he was one of the Marauders'.
"Warren - this ain't like you," she says softly,
"You're an X-Man, sugah, which means acceptin' that people
make mistakes an' that they deserve a second chance. It's
why we're in this gig aftah all - ta give th' whole word another
chance ta rethink their ways, ta try again."
The effort that it took her to speak is evident on her face.
Exhausted and weak from loss of blood, he knows that she will
die unless she gets treatment soon. The conflict rages within
him - hate against love, selfishness against selflessness,
past against future - adding another dimension to his already
"Rogue . . . I . . . ." he pauses, "It's too
"No. It's nevah too late," she argues, "Free
me an' Ah promise you that it'll end here."
Angel nods, walking over to her, giving her his silent promise.
His hand touches her bare one as he attempts to untie the
thick ropes and she smiles encouragingly at him.
Her skin feels so . . . normal, he thinks in strange
abstraction, I suppose I always thought it would feel different.
The ropes refuse stubbornly to come loose and he looks around
for some implement with which to cut them. A flechette lies
on the altar - a symbol of everything that he was and has
rejected - and he hesitates before taking it. He has not got
the luxury of qualms any more.
"Warren?" Marrow sneers as she glimpses him out
of the corner of her eye, "What has the witch told you
to make you turn against me - the victim?"
Angel pauses then carries on walking towards Rogue, step
by slow step. This child is insane, he realizes, And
it is partially my fault for listening to her, for the simple
reason that she told me what I wanted to hear. That I was
a victim. That Gambit was the villain. That my hatred was
"Warren," Marrow bares her teeth, "If you
are not with me, then you are against me."
Before Angel can defend himself against her, before Gambit
can act to prevent her, the Gene National dives at him, stabbing
him through his chest with a hard thrust. Warren crumples
to the floor, like a limp ragdoll, falling into darkness.
Marrow pauses, exuding horror from every pore, looking at
her bloody hands, like Lady Macbeth once did.
"My Angel . . . are you?" she whispers, "But
. . . gods can't die."
"Warren wasn't a god," Gambit says, feeling sympathy
for her despite himself, "Jus' a man like anyone else."
"And what would you know about being a man, Traitor?"
Marrow snarls, "His death is on your conscience. For
Angel and for all my people, you must die."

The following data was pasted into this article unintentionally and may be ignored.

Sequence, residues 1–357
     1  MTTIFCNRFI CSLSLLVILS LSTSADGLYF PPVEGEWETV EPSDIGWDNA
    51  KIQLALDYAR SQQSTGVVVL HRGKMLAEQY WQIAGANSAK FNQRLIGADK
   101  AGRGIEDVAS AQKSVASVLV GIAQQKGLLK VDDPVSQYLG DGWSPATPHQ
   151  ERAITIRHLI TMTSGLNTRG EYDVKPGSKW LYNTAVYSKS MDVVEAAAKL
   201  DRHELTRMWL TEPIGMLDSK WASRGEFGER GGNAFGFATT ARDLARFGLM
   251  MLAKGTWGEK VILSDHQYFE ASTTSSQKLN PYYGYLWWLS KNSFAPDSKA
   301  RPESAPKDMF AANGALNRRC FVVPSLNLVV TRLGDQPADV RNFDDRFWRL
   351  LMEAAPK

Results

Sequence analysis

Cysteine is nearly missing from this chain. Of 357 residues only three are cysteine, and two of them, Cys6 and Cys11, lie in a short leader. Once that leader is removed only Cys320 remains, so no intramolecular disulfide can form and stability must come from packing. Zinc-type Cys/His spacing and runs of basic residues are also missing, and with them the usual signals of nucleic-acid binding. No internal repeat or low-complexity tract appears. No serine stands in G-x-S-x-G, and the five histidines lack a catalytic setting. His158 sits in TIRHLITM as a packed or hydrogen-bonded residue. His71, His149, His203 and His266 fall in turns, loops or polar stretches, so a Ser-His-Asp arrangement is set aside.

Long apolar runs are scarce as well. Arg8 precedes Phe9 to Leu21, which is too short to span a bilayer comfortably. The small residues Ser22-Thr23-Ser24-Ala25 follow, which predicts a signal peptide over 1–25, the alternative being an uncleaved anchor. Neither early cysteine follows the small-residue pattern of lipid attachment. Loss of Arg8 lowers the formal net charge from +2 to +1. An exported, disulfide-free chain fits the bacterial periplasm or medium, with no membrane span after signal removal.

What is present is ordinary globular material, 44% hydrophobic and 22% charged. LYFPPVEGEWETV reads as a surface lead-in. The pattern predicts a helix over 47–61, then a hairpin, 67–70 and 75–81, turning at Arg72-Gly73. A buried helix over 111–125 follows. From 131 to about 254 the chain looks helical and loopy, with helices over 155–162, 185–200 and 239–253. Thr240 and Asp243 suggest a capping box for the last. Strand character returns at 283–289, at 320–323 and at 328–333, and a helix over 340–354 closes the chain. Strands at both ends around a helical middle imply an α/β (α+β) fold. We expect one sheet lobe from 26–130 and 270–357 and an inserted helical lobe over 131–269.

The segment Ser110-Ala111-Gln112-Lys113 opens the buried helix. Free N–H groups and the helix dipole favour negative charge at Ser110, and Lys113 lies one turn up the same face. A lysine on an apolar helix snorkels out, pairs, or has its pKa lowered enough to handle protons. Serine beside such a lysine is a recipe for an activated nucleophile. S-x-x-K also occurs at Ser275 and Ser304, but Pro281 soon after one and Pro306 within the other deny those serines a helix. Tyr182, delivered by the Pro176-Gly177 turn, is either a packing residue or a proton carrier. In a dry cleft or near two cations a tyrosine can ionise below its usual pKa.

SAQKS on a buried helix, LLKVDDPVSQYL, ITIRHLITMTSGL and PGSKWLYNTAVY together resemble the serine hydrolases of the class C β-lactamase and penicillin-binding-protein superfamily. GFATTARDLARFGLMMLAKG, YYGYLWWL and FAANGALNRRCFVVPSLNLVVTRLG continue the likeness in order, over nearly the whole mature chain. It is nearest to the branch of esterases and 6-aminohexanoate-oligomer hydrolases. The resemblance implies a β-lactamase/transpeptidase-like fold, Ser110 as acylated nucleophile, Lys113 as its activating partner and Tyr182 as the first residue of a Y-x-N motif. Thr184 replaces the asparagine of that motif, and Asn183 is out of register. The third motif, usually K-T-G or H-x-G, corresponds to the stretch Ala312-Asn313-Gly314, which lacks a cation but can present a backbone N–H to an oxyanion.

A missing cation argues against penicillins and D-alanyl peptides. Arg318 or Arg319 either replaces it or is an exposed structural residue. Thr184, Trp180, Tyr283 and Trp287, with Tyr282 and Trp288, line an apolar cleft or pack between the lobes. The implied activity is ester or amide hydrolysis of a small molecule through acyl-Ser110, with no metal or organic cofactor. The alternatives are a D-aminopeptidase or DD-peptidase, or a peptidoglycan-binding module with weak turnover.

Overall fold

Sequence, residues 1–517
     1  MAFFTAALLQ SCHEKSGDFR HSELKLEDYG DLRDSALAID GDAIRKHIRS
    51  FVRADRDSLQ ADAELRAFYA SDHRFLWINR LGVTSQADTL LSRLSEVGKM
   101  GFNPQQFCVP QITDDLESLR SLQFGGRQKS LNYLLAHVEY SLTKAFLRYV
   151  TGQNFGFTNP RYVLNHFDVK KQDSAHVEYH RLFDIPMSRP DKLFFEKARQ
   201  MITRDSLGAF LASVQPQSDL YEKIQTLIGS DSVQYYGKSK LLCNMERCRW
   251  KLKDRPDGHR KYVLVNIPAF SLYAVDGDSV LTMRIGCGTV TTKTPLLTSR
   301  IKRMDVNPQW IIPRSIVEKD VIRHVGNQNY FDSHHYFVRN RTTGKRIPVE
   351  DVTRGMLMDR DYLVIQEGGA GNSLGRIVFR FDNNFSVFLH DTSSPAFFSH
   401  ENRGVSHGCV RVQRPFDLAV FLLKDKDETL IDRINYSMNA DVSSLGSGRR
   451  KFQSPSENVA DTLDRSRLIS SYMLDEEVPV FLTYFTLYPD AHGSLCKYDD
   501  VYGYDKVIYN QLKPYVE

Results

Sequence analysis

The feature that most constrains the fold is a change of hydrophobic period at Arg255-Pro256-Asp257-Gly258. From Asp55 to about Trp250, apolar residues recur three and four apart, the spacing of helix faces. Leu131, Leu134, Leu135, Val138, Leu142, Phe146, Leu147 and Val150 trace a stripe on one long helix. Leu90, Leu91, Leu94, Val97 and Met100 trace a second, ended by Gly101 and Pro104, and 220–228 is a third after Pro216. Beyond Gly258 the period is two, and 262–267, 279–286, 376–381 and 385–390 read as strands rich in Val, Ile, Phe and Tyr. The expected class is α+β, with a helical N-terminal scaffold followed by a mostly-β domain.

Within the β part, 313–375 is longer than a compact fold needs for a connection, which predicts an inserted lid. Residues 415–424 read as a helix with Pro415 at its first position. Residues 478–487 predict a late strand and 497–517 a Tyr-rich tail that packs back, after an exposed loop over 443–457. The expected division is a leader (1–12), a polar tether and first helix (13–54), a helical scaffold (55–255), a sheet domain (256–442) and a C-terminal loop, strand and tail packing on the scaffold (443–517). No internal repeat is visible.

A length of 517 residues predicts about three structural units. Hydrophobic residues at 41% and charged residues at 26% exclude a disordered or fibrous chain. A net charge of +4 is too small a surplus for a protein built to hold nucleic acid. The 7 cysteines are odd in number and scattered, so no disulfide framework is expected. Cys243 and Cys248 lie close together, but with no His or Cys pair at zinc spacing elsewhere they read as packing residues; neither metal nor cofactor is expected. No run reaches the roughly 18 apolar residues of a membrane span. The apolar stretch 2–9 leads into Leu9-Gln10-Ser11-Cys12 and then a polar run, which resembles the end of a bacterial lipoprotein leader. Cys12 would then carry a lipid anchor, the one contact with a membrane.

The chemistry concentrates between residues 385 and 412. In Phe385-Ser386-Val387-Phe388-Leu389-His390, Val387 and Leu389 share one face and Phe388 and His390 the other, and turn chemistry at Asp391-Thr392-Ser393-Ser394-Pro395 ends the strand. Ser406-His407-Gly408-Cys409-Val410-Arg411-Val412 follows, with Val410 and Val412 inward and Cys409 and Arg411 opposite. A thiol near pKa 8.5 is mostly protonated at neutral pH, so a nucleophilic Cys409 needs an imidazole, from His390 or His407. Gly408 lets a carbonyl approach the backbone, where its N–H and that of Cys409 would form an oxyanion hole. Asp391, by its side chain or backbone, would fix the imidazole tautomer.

She attacks, then, without reason or restraint, redoubling
her previous onslaught. Gambit blocks her wild jabs and catches
her across the stomach with a hard blow of his own. Marrow
skids across the floor, knocking the altar over with a crash.
The candles topple, catching the two photographs, eating the
past hungrily with tongues of crimson flame.
"Angela!" Marrow yells and snatches at the burning
The child smiles back at her from the yellowed picture, her
eyes speaking of unbearable pain. Her father stands next to
her with his hand on her shoulder, until he too is devoured
by the spreading black ash, leaving only the child. The other,
newer photograph is relatively intact - a portrait of two
people evidently in love. Rogue and Gambit. Her sacrifice.
Marrow lifts the two photographs to the sky, seeing them with
new eyes. Angela . . . Rogue . . . Angela . . . Rogue.
"By the first one," Marrow whispers, "They
are the same. What have I done?"
She drops her knife and runs into the darkness, into the
cool of the shadowy tunnels. Gambit does not follow, knowing
that she will return and when she does she might be a little
different. There is always hope. He has more pressing concerns.
Angel is in that strange place between life and death, poised
on the brink of his flame's extinction, and he needs a doctor
badly. So does Rogue; her face is flushed and sweaty despite
the chill of the tunnels, her teeth gritted against incredible
"Gotta make a choice," he says to himself, even
though he knows that he has already made it.
Remy removes the metal flechette from Angel's limp hand and
cuts the thick ropes, freeing the woman. He has no other choice
- her chance of survival is greater than Angel's and it decreases
with every second that he delays. Carefully, he wraps Rogue
in his trenchcoat, realizing the importance of keeping her
warm, and picks her up, grunting slightly at the strain.
"I'll be back, mon ami," he tells the prostrate
figure on the floor, "Jus' hold on."
Rogue rests her head against his chest, settling more comfortably
into his arms, eyes closed like a feverish child in sleep.
"Am Ah free?" she asks, her voice almost below
"As a bird, chere."
"Good," she murmurs weakly, "Flyin' always
was mah favorite power."
"Hush, now, tite. Ya need t'save ya strength.
We'll be outta dese tunnels soon."
He walks towards the light. . . .
Continued in Chapter